SoPRFI Texas Complaints

Here is a sneak preview of the complaints that have come in from January to March 2010. The reports are inconsistent and vary in length from 6 pages to 76 pages. I suspect most inspectors do not comply with the SoP. I suspect they want to but do not know how. That is the reason for

I redacted identifying info although anyone can go to TREC and get the stuff. The purpose is not to harm an inspector but to learn from their mistakes. Please no radical negative posts on the complaints. They are there for learning.

John, The 76-page report has a reference to the inspector in it. Contact me for the page number

I know it’s wrong and I should feel ashamed, but I’m getting a kick out of some of the hand written comments in the first report.

I would love to see what TREC’s response to the complainant looks like… Will they respond in general or point by point? Will they tell the complainant that he needs to report his electrician to the TDLR for being incompetent?

Gotta watch all that boilerplate and make sure it applies to the house being inspected (e.g., gas appliance related comments being applied to non-fuel burning appliance). Also, I never liked the use of terms like “must be repaired”. We report defects, but don’t dictate repairs (this may be a holdover from the prior version of the TREC form which required the inspector to report repairs needed rather than deficiencies).

With the last comment in the body report, the seller appears to be complaining about the limitation of scope excluding pressure testing of gas lines, where he quips “lots of things appear to be”. Does he really want the inspector to expand the scope of his inspection even further?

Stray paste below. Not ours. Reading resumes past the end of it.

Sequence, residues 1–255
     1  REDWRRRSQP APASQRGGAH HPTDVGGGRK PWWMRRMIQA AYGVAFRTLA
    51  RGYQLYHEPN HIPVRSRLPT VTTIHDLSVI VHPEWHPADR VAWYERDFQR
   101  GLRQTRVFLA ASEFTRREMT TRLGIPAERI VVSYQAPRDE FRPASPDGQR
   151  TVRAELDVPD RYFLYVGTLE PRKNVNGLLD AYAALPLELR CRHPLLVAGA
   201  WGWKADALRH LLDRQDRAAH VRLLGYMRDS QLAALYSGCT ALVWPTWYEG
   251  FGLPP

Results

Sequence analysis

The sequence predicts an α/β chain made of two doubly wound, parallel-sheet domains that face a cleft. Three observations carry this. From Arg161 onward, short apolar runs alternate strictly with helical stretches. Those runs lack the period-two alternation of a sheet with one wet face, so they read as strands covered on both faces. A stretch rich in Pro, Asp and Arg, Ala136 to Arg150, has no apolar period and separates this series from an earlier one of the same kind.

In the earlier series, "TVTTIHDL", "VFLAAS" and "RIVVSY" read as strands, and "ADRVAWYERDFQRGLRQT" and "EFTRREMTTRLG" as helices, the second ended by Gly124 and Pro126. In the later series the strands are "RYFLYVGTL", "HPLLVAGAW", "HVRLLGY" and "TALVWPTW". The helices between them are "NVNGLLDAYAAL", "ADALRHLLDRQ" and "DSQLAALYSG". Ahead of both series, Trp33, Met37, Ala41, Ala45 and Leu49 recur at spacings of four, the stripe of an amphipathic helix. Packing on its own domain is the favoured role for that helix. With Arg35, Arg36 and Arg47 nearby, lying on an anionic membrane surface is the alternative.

I agree. Regarding the 76 page report, I read the complaint and was thinking, “wow, sounds like the inspector was a goof.”

Then I read the report and the hand written comments. I may not produce a report with that much verbiage, but it seems the complainant is mistaken in several areas. And the electrician he hired is incorrect about neutrals.

I see on the log home report, the inspector didn’t check any box regarding “fireplace” and has a note to refer to “outside the scope”. I read the “scope” but saw nothing about fireplaces.


I updated redacting. If you look at the 76 page report it is:

1 - TREC standards at each section
2 - TREC limitations at each section
3 - supporting code
4 - supporting pictures
5 - lots of helpful hints on things outside the scope of inspection.

All well done but a big bite for most consumers. I really do not see material problems with the inspectors report. By gosh how does one create such a report with typical prices. Do you think TAR would like to see every report taken to this level?

I also enjoyed the hand written comments. Appears to be sour grapes. The seller should have had his home inspected and if he did then call his inspector, not shoot the messenger he did not hire.

I’ve never believed there is too much information you can provide as a buyer will just skip over and read what they want anyway. As for pricing it doesn’t cost to add information. All you do is create a master format file and add/subtract from it. A buyers expectation is very high and they want information. Just ask your next client what they expect from the inspection and report. I don’t think anyone will tell them they’ll be getting less information than you know because you are worried about what some other trade organization thinks.

The basis of any inspection IMO is - put yourself in the shoes of the buyer, would you want to know this information?

Just because the report is made out to be a long report is not an issue except to ones that might write short reports (in their opinion). It’s only about 44 pages and the rest is added information. I see a lot H.I. web sites full of fluff, puff and apparent misrepresentation.

I liked the adding of the TREC limitations as it helps lower the expectation of what an inspector is doing. One can always exceed the minimum standards but if one doesn’t understand the SoP how do they know if they are even meeting the minimum? Also, one certainly can’t argue with a line item if it is backed up by a reference. (The SoP is code based anyway) I started adding the TREC sections as much as possible this year. That’s my signal to others I am required to disclose and didn’t pull the items out of thin air.

The question should be what did the buyer think of the inspection? If the buyer is happy then it was a great inspection.

Report writing and inspections did change with SB 914.